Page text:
Welcome to The Uprising for February 2, 2018!
Was Donald Trump‘s State of the Union Address the first one in which a President applauded himself, over and over, as if the voluminous applause of his own Party wasn’t enough to satisfy the emptiness of his soul? Asking for a friend.
Whoever comes out on top in the battle between the President and the Federal Bureau of Investigation (FBI), the people of this country lose. Who needs an FBI when you got ICE, #amiright? [Edit: Just before going live I heard that the Nunes memo was released]
The Ship of State has torpedoed itself, it’s sinking fast, and we’re fighting for control of the wheelhouse! All hands on deck!
On a lighter note: Punxsutawney Phil has predicted six more weeks of winter.
1a. Some interesting progressive legislation was introduced this week, including a $15 minimum wage, a tax on Carbon and legislation to combat the repeal of Net Neutrality.
The $15 minimum wage bill and a Fair Pay Act were launched side by side by a coalition that includes the Rhode Island Center for Justice, the Rhode Island Coalition Against Domestic Violence, the Economic Progress Institute, Rhode Island Jobs with Justice, Planned Parenthood, Rhode Island NOW, the Rhode Island Food Bank, SEIU 1199, SEIU 32BJ, Teamsters Local 251, the Women’s Fund of Rhode Island and Rhode Island Working Families.
We should all know about the Fight for $15, since Rhode Island Jobs With Justice (RIJWJ) has been championing this idea from the beginning. When the idea was first introduced, even most progressives and liberals scoffed. Now it’s a mainstream lefty issue. The leadership of Rhode Island Jobs With Justice stood at the back of the room during the announcement of this year’s legislation.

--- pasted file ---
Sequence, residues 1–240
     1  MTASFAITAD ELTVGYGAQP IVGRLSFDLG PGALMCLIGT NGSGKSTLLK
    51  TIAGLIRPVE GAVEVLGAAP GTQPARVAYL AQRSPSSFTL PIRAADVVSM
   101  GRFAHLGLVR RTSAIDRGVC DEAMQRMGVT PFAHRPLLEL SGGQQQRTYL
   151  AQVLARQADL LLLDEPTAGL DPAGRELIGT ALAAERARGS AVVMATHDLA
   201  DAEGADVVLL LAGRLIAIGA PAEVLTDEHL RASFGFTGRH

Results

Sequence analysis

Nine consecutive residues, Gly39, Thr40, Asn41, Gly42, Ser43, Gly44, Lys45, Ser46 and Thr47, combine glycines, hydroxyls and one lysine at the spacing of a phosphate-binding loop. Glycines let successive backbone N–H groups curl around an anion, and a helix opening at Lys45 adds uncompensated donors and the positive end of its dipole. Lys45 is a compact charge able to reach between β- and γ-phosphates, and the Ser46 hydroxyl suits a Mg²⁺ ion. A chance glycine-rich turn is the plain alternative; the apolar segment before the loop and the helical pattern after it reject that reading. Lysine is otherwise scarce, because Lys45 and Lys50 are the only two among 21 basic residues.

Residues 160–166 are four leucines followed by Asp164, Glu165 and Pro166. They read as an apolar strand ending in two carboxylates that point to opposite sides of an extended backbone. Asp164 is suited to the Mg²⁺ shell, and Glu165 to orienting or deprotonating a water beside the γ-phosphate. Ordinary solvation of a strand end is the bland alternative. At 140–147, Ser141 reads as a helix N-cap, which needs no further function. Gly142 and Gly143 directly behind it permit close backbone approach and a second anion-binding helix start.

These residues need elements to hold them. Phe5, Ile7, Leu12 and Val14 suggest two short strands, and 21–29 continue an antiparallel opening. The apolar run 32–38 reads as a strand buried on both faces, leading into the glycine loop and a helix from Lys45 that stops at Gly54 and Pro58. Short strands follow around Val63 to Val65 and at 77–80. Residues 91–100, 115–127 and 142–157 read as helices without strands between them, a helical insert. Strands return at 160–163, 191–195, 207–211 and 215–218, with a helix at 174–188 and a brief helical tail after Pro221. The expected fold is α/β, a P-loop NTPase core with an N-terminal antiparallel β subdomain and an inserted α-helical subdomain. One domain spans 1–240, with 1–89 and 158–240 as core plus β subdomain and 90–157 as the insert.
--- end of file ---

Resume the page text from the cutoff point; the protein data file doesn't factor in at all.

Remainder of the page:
The Fair Pay Act “helps to close the wage gap by clarifying and strengthening existing equal pay protections and by eliminating practices that perpetuate the pay gap. The measure: prohibits employers from paying workers differently, including by sex, race, or for other protected classes; makes it illegal to pay workers less than their white, male colleagues without a clearly documented difference in skills; clarifies what is comparable work; bans policies that prevent workers from discussing their pay; removes past salary history as a consideration; and requires disclosure of salary range to applicants and job holders.”
Something to watch [out] for: When minimum wage bills are introduced they almost always have provisions that include tipped workers and increases in the tipped minimum wage, yet these are the provisions that are almost always dropped when the negotiations get serious.
1b. Carbon pricing, the idea that may salvage some kind of habitable future in a post-Trump world, was introduced as legislation again this year. If passed, the Climate Resilience Act will “provide incentives for energy users to reduce their reliance on carbon-emitting fuels and encourage the development of cleaner renewable energy projects that keep Rhode Islanders’ dollars in the state and create jobs locally.”
The idea that the bill would be bad for the economy or business was refuted by Kevin O’Neill, a Rhode Island business owner who runs the Conference Exchange, a software development company.
“You all know there are some very loud voices in the business community talking about why it’s a bad bill,” said O’Neill. “The net impact of this bill on residences and businesses will be very small and would be more often positive than negative.”